GUILFORD COUNTY — Some graduating high school seniors who experienced disruptions during the ongoing pandemic will be rewarded with a chance to attend a community college without going into debt.

The Longleaf Commitment grant program recently announced by Gov. Roy Cooper will allow graduating high school students to further their education for two more years at institutions like Guilford Technical Community College or any of the other 57 community colleges in the state.

Lisa Koretoff, GTCC director of financial aid, described it as an exciting opportunity for this year’s high school graduates and said she’s hopeful the grant program will be extended past the spring 2023 semester.

“These students now can essentially attend tuition- and fee-free with these funds,” Koretoff said.

GTCC provided $50 million in financial aid this year, but students often took out loans because not enough grants were available, Koretoff said.

“Now with the Longleaf Commitment, that changes the ballgame,” Koretoff said. “It’s going to make a lot of students who were not grant-eligible in the past now be able to have the ‘free money,’ the money that doesn’t have to be repaid, to go to college.”

High school students may be eligible to receive this grant for tuition and fees toward a degree or to attain transfer credit. Full-time eligible students can receive $700 to $2,800 per year, for a total of two years. Less than full-time students also may receive a partial award.

The funding is part of the Governor’s Emergency Education Relief plan to address challenges students and educators have faced inside and outside the classroom over the course of the pandemic. High school seniors can apply for the grant for the 2021-22 school year through the Free Application for Federal Student Aid. They will have to reapply for the 2022-23 school year to keep getting it for the second year.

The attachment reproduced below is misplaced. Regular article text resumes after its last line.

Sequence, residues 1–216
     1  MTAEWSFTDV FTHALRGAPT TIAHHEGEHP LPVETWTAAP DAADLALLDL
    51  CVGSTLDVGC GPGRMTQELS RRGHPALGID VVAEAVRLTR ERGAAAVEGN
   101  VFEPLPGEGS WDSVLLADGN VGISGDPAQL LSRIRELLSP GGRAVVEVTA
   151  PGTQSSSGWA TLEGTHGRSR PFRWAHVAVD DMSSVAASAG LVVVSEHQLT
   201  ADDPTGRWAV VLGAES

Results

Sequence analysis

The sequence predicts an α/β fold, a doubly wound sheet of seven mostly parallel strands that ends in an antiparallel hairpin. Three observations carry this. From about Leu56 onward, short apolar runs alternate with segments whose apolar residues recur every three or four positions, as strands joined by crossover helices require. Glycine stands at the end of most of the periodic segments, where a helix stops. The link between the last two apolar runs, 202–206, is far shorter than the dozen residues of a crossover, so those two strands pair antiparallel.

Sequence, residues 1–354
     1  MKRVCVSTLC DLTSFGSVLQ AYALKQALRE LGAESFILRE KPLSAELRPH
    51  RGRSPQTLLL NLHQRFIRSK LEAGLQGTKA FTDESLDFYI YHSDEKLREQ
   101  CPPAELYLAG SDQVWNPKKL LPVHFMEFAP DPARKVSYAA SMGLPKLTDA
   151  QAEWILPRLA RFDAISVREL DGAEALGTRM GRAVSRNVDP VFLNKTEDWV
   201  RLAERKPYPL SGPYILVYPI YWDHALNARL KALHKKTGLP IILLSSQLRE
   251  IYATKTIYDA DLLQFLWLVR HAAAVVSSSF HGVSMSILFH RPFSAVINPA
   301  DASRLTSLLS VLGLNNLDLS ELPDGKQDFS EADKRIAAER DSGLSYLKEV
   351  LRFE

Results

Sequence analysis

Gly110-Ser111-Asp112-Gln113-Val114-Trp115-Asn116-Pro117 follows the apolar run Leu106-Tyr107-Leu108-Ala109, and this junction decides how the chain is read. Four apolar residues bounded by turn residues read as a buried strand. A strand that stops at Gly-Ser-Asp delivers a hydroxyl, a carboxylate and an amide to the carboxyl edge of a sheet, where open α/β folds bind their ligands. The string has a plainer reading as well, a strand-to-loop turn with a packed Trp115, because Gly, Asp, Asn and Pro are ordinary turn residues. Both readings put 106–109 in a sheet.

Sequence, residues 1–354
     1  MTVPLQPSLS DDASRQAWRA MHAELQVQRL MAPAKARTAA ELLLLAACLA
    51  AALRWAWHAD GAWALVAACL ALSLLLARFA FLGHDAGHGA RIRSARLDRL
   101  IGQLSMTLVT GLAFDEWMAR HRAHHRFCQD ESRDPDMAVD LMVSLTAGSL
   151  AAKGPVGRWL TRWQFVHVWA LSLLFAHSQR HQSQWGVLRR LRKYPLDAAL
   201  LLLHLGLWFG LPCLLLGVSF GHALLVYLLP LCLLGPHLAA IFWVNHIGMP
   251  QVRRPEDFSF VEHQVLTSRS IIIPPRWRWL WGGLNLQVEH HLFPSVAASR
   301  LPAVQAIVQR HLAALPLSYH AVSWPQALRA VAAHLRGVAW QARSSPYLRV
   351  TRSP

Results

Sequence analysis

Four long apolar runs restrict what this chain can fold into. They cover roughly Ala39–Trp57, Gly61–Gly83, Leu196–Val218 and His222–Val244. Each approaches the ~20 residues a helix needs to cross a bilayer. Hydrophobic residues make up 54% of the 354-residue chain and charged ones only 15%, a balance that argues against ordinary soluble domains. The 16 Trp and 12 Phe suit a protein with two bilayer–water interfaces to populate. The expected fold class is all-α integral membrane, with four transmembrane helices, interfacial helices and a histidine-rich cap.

“The easy thing is that it’s going to be the same application they used to apply for everything else, and that’s the FAFSA,” Koretoff said. “They’ve outlined that it’s going to be an expanded range of eligibility, based on the estimated family contribution figure.”

Colleges use that family contribution figure, based on FAFSA applications, to determine what kinds of aid students qualify for.

Previously, if a student had a family contribution figure between zero and $8,500, the student would be eligible for federal and state grant funding for college, Koretoff said. The new grant program raises that figure to $15,000, making more students eligible.

Koretoff noted more financial aid assistance is available for GTCC students than ever due to the pandemic. The first Higher Education Emergency Relief Funds were authorized as part of the Coronavirus Aid, Relief and Economic Security Act in March 2020.

“We helped students with emergency costs they were incurring for having to convert from being in-person students to being at a distance,” Koretoff said. “We knew a lot of those students lost their jobs or had their hours reduced and were really in a bind.”

HEERF grants can be used for a range of student needs including living expenses, child care and health care. Students taking classes can apply for grants by submitting the FAFSA and completing a short online application saying he or she was affected by the campus disruption due to the pandemic. Awards range from $125 to $1,000, based on a student’s enrollment and estimated family contribution. New GTCC students will also be eligible for HEERF awards during the fall 2021 semester.

This past spring, GTCC was able to offer emergency relief funds to every student enrolled in a curriculum or continuing education program who took a certain number of courses, Koretoff said. When asked what she would tell a potential student who thinks he could not afford attending GTCC, Koretoff was quick to respond.

“I have been in financial aid for 34 years,” Koretoff said. “There has never been a better time to come back to school, in my opinion, with the amount of funds that are now available to students to help make it possible.”

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